Little Fugitive (1953) - Rotten Tomatoes

Little Fugitive (1953)

TOMATOMETER

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AUDIENCE SCORE

Critic Consensus: No consensus yet.

Little Fugitive Photos

Movie Info

A boy from Brooklyn, wrongly led to believe that he killed another child with his rifle by an 'ornery older brother, flees to the fantasy and fun of Coney Island to escape in this all-but forgotten drama that proves that big budgets and studios are not always needed to create a memorable, internationally distinguished gem. The story remains most notable for its offbeat treating of the child not as an adorable Hollywood moppet, but as a real little boy, simultaneously afraid that he really hurt someone, and thrilled to be alone in the famed amusement park.

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Cast

Winifred Cushing
as The Mother
Jay Williams
as Pony Ride Man
Will Lee
as Photographer
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Critic Reviews for Little Fugitive

All Critics (15) | Top Critics (4)

At its core, this pioneering independent film, from 1953, is just an urban heart-warmer, but it has a fresh, gritty surface and a Grade A horror-comic hook ...

Full Review… | October 6, 2014
New Yorker
Top Critic

That the filmmakers were able to make "Little Fugitive" at all is kind of miraculous, but the miraculousness has its limits.

Full Review… | March 5, 2013
Boston Globe
Top Critic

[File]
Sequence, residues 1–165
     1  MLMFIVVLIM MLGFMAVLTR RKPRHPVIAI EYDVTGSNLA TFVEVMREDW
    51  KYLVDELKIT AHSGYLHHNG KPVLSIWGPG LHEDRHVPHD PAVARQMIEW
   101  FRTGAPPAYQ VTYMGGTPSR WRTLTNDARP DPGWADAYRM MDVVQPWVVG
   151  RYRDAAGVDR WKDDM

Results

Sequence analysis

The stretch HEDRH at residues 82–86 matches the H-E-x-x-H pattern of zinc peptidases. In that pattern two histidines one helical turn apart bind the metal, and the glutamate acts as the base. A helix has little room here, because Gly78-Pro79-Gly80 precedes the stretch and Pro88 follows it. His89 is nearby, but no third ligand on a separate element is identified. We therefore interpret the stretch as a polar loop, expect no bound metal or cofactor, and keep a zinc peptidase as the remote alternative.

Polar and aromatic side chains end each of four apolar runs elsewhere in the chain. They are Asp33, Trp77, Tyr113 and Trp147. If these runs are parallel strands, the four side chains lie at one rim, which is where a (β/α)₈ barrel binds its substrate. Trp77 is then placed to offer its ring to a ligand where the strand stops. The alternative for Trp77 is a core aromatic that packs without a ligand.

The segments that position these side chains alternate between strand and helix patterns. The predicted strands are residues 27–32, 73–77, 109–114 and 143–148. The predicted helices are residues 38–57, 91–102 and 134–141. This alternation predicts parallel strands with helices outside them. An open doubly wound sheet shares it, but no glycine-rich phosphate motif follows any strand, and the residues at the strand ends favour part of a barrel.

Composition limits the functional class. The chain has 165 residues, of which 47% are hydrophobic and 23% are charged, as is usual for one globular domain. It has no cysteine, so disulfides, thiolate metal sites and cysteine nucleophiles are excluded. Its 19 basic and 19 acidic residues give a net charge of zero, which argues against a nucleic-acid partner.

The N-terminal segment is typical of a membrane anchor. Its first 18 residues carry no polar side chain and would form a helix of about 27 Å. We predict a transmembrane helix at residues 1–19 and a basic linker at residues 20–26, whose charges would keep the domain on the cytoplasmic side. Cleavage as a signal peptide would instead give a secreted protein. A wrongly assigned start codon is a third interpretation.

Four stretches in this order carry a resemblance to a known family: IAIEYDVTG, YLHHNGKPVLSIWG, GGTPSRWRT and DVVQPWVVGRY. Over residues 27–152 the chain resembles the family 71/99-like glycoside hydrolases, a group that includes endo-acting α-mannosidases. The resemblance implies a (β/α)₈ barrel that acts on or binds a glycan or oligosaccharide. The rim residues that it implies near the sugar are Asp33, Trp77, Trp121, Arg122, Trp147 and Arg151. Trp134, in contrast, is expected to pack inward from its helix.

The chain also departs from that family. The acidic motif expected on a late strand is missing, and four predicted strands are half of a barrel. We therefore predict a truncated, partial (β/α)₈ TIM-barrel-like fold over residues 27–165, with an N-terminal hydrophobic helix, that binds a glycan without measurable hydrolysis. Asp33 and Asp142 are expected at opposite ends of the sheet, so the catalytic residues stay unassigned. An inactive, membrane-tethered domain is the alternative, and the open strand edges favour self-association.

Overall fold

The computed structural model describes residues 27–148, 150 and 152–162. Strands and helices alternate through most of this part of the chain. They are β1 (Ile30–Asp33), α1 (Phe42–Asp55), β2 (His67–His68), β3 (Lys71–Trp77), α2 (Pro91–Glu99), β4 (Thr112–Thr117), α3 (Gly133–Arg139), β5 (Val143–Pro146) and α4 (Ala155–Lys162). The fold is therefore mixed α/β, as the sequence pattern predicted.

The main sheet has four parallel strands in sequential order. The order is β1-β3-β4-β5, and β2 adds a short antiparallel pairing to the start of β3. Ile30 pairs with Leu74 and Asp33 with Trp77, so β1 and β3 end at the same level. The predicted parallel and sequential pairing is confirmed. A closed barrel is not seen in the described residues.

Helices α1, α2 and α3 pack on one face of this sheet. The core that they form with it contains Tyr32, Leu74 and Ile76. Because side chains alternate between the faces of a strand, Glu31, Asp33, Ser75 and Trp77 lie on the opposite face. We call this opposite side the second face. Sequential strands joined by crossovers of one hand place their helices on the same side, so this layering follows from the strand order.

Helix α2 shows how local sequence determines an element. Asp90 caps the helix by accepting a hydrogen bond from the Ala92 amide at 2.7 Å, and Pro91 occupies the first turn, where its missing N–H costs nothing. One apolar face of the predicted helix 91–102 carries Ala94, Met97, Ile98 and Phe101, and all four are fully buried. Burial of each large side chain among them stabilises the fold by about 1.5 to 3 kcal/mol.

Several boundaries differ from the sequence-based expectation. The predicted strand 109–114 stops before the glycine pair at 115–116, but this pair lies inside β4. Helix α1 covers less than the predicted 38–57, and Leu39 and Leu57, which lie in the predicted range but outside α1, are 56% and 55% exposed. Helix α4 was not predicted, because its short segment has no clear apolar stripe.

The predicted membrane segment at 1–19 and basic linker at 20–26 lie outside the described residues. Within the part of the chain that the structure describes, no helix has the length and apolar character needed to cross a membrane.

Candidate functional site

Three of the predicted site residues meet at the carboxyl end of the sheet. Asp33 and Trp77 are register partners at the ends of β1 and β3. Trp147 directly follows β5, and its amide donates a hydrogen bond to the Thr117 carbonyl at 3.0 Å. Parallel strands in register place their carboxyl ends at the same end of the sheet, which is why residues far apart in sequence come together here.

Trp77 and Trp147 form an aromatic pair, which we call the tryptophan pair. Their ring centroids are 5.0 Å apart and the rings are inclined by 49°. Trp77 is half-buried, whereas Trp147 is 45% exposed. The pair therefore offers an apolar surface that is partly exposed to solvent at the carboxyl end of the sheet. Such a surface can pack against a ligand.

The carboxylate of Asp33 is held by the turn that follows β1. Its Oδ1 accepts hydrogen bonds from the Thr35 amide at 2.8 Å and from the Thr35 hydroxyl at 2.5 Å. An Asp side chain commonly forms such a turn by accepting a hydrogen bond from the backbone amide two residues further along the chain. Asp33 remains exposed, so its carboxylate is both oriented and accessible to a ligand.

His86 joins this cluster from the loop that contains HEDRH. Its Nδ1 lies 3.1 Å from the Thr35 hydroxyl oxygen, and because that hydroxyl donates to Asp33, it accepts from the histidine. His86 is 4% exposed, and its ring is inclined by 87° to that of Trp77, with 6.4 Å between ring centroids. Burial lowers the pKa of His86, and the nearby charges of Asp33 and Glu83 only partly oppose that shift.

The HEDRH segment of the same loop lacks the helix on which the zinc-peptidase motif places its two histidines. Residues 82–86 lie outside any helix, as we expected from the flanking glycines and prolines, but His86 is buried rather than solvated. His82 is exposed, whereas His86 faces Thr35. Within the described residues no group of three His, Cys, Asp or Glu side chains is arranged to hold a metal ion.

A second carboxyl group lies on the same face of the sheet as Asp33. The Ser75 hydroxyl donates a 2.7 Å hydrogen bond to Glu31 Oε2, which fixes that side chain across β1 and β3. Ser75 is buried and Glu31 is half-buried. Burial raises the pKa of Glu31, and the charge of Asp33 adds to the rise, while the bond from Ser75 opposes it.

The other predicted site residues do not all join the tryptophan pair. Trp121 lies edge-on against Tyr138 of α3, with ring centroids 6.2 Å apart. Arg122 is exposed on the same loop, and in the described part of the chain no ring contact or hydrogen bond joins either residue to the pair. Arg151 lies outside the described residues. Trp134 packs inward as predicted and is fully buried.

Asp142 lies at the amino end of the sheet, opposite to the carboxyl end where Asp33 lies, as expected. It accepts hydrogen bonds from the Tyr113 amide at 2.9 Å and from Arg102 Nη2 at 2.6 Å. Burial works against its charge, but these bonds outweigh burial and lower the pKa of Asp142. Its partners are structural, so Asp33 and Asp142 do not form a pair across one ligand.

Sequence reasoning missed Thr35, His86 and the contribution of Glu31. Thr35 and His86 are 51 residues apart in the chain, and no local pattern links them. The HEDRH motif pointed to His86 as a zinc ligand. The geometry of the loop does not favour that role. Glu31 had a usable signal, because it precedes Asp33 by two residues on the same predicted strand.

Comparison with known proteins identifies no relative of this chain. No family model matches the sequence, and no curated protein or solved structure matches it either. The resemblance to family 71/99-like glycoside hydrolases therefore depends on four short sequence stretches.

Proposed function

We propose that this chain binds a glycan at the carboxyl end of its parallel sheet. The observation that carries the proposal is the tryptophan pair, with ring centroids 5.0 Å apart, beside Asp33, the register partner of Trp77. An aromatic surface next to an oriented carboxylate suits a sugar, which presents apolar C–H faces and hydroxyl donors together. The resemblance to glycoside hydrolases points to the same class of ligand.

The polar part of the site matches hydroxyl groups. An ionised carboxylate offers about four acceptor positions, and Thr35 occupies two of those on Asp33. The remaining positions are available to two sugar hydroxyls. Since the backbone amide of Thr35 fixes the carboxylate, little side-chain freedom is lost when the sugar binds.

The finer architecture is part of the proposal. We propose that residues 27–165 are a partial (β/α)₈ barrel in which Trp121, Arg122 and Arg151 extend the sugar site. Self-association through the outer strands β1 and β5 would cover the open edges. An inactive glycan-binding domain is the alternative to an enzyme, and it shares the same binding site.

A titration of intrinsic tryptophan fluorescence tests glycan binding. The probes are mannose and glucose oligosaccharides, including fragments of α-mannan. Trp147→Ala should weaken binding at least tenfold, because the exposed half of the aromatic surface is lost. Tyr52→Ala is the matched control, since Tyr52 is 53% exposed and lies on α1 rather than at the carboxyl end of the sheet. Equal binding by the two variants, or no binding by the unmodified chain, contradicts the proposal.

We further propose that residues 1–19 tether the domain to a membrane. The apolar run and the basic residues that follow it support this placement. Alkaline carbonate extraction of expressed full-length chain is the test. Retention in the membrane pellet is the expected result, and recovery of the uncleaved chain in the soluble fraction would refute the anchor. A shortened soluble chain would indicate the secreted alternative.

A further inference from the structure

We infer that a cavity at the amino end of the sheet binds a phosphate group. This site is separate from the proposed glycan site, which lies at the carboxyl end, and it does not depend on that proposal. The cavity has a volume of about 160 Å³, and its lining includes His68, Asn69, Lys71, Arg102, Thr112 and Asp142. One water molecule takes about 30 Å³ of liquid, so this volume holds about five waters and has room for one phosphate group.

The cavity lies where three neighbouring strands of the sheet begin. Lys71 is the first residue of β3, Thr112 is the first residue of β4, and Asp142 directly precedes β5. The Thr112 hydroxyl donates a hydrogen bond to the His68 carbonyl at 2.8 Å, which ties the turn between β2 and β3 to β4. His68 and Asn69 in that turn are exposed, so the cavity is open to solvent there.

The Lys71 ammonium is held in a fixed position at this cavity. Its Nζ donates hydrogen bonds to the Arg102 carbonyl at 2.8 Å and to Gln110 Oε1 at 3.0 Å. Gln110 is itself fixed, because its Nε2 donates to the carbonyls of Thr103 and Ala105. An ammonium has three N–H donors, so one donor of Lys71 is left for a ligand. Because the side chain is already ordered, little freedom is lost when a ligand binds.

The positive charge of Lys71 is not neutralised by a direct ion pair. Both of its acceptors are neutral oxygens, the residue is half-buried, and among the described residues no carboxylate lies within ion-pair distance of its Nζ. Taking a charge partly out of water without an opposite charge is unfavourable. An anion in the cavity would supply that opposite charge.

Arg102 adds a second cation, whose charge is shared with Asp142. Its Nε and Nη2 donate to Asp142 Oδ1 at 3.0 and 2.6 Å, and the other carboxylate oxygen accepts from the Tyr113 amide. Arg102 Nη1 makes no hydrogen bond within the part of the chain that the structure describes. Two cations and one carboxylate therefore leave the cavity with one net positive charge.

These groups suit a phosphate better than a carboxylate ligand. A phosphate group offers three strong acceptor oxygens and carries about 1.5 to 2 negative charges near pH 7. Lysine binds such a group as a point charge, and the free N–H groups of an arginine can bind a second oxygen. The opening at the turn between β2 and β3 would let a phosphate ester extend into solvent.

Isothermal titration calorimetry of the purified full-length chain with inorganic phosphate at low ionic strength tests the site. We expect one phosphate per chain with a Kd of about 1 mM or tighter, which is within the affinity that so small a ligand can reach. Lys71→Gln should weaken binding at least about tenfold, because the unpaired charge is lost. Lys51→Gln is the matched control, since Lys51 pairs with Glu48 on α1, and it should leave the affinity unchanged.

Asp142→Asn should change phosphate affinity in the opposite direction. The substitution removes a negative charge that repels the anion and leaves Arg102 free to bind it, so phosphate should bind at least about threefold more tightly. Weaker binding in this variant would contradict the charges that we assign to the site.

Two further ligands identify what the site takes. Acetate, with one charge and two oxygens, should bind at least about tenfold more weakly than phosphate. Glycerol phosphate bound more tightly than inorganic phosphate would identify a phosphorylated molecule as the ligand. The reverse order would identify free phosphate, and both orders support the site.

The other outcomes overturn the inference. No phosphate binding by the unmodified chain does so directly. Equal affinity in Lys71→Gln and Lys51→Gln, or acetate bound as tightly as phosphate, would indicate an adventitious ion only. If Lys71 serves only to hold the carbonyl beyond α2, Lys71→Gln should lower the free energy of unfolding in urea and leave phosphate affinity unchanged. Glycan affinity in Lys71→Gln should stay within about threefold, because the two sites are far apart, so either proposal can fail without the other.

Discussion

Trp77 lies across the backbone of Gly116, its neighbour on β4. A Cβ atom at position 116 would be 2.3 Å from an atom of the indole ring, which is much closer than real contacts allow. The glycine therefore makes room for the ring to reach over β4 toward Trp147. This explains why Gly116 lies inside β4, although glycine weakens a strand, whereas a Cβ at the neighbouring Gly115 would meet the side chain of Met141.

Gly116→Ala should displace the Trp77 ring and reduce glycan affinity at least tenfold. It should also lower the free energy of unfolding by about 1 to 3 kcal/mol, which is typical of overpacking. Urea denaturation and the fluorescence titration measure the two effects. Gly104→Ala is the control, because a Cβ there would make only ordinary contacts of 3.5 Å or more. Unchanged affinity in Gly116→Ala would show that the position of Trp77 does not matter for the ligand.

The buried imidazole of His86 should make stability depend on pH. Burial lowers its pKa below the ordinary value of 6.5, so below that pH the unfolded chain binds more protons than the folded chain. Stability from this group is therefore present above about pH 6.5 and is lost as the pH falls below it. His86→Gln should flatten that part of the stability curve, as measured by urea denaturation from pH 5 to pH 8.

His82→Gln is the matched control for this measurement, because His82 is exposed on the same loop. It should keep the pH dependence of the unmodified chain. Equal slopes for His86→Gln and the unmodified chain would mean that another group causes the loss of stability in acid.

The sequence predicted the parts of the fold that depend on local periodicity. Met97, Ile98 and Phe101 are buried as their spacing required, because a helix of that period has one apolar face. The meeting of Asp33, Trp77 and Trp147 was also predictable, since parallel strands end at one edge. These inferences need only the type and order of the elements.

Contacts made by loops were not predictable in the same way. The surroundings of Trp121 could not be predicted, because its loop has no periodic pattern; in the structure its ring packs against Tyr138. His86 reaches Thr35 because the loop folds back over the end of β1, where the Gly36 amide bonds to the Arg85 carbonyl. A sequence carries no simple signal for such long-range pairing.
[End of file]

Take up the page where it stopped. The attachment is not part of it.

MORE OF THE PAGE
Like childhood itself, it's over before you're ready to let it go.

Full Review… | January 29, 2013
Time Out
Top Critic

An underseen indie-film landmark and an invaluable artifact of local history to boot.

Full Review… | April 19, 2005
Village Voice
Top Critic

[VIDEO ESSAY] Made in 1953 by three confident filmmakers, "Little Fugitive" is as much an invaluable filmic document of post World War II New York as it is an enchanting incipient work of independent cinema.

Full Review… | October 28, 2014
ColeSmithey.com

...a charmer from another age.

Full Review… | February 28, 2013
Reeling Reviews

Audience Reviews for Little Fugitive

½

As twilight descends on coney island, you can almost taste the salt water air and feel the cool ocean breeze on your cheek. The movie is less a character study and more a day in the life of a boy at a very specific time and place. Rather than a plot taking us along to it's pre-determined destination, things merely happen, and we bear silent witness to it. It's a simple story of two brothers, maybe aged 6 and 11, and the older brother tricks the younger into thinking he's killed him, thus sending the younger brother on the run. He goes to Coney island, and spends a couple of days on the beach and on the boardwalk, drowning his sorrow in junk food and pony rides. Directed by Morris Engel and Ray Ashley, the film has all the quality of an artistic (not artsy-fartsy) documentary, there's very little in the way of script of plot, it's basically an exercise in film and subject matter. And yet, somewhere in the midst of all this artistic vision, a tender story comes out and forms a touching image. It's almost impossible not to see this as a real life story, and it's also almost impossible not to fall in love with the little boy. The charm of this document and it's by-gone era lies with the people it photographs, and as a snapshot of Coney Island and New York, it's almost a love letter.

Devon Bott
Devon Bott

Super Reviewer

½

the very first american indie. remarkably natural performance from the kid. a low budget documentary style snapshot of a more innocent time and a big influence on truffaut's 400 blows

Stella Dallas
Stella Dallas

Super Reviewer

No frills look at kids growing up in 1950's New York City. The unpolished style adds to its charm and ambiance.

Randy Tippy
Randy Tippy

Super Reviewer

Little Fugitive Quotes

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